A new University of Minnesota study found wetlands are providing a significant water quality benefit by keeping nitrates from crop fertilizer out of rivers.
The study from the U's St. Anthony Falls Laboratory and the College of Biological Sciences found that when stream flows are high, wetlands are actually more effective at removing nitrates than conventional land conservation practices.
"What our study shows is that multiple wetlands in the watersheds are having a measurable effect on the nitrate concentration in the river," said Amy Hansen, a research associate at the university and the study's lead author.
High nitrate levels can be harmful to ecosystems and human health, contaminating drinking water and creating the Dead Zone in the Gulf of Mexico.
It's not news that wetlands capture pollutants, slow runoff and help improve water quality.
However, Hansen said past studies haven't demonstrated that wetlands reduce nitrate concentrations on a watershed scale. That's probably because other Midwest states like Iowa and Illinois don't have enough remaining wetlands to measure an impact, she said.
Hansen's study collected water samples from more than 200 waterways in the 17,000-square-mile Minnesota River basin in southwestern Minnesota, where farming is prevalent.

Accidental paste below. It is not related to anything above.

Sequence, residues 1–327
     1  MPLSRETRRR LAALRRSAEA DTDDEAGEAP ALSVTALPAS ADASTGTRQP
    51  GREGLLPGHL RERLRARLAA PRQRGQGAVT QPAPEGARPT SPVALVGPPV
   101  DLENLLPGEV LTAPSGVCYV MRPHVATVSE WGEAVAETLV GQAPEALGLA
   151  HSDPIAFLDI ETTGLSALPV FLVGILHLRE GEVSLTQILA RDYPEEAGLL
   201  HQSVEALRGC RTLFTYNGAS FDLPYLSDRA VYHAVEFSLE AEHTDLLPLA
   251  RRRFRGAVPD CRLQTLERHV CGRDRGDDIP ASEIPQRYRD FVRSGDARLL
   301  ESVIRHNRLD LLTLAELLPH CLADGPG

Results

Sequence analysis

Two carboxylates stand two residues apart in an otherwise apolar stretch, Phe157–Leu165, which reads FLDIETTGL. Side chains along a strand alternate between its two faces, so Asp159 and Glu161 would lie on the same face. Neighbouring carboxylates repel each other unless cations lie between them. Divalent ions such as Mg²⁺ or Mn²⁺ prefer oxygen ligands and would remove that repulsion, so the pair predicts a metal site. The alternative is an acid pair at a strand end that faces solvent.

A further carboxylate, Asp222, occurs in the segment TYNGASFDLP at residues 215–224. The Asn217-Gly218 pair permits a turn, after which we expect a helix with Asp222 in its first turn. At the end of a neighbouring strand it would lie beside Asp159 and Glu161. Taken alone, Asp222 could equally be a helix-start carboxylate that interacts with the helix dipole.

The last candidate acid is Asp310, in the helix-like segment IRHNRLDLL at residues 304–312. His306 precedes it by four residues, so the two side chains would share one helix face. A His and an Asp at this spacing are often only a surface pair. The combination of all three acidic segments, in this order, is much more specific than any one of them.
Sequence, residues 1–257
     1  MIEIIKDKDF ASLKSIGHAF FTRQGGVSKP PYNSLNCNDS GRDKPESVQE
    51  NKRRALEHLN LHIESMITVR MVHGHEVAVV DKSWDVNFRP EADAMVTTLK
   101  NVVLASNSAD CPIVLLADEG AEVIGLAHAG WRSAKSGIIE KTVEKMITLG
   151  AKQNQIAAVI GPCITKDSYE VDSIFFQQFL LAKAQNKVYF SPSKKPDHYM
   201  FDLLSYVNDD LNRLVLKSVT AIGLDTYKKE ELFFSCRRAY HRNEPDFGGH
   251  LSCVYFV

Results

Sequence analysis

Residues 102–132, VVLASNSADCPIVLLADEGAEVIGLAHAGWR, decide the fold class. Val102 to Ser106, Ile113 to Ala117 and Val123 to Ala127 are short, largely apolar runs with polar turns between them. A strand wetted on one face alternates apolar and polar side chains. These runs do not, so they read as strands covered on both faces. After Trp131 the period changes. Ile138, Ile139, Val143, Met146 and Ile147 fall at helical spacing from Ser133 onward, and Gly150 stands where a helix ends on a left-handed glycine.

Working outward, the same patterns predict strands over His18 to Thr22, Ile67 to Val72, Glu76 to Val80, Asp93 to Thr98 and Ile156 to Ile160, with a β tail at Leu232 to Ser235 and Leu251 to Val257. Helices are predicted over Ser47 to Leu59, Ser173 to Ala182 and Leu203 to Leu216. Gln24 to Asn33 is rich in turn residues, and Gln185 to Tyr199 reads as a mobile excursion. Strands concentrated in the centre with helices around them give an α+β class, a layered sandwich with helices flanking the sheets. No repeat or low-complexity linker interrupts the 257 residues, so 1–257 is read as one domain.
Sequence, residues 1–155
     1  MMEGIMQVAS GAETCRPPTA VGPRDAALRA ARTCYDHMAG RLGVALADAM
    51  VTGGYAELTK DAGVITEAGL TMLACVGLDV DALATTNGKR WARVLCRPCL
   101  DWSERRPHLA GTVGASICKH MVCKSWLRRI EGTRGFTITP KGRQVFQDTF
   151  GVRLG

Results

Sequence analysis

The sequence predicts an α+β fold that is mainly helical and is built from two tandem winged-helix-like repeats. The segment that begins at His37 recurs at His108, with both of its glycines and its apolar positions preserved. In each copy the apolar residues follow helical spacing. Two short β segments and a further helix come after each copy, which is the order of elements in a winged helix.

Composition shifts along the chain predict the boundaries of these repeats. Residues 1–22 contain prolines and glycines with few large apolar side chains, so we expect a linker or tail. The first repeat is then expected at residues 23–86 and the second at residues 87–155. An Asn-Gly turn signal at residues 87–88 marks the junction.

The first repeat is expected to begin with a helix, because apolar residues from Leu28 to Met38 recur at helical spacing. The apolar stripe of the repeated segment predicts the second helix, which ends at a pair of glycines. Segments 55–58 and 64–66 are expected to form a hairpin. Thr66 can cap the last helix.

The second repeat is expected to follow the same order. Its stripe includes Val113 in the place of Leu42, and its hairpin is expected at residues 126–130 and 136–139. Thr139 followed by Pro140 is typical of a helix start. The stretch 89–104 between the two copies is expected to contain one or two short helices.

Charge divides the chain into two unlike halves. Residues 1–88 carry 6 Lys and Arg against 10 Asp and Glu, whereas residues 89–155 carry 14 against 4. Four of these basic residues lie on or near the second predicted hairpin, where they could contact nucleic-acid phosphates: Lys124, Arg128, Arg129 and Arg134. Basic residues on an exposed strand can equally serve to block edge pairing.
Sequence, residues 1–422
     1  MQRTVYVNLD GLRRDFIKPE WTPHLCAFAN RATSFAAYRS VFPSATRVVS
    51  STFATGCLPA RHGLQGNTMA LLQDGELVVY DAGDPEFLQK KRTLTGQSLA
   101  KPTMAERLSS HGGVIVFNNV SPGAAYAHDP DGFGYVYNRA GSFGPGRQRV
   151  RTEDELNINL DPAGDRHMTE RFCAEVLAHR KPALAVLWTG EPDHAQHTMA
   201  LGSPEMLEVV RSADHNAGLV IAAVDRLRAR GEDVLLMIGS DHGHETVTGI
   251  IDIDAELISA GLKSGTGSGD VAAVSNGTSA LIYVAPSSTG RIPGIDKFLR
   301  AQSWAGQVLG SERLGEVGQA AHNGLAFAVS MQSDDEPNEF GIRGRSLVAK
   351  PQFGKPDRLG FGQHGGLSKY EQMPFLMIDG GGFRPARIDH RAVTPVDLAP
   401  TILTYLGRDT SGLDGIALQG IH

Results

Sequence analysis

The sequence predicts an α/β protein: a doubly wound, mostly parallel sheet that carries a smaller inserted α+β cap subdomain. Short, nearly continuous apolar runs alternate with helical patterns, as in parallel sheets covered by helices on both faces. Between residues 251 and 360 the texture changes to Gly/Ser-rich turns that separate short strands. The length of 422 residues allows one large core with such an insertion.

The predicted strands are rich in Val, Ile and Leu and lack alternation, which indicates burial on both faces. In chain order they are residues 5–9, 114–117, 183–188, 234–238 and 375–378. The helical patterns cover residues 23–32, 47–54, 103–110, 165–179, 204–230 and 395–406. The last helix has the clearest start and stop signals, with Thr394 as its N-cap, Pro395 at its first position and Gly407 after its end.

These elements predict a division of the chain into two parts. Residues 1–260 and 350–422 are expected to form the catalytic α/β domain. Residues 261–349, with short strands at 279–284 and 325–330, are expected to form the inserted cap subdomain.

The study found the basin's wetlands are on average five times more effective at reducing nitrate pollution than other conservation methods such as taking land out of production, Hansen said.
"The reason for that is because wetlands are actually intercepting water from a much larger area than they occupy," she said. "Water is running off and into wetlands, where it's being acted on by the biology within the wetland."
The study found that temporary wetlands that appear after heavy rains are also effective at removing nitrates, when other conservation practices are usually overwhelmed, Hansen said.
Hansen said the findings show that in places with few remaining natural wetlands, constructed wetlands would be an effective way to improve water quality in heavily farmed areas.
"Locally, what this study does is shows us that the wetlands that we have have value and are probably worth protecting," she said.
The study was published in the journal Nature Geosciences.
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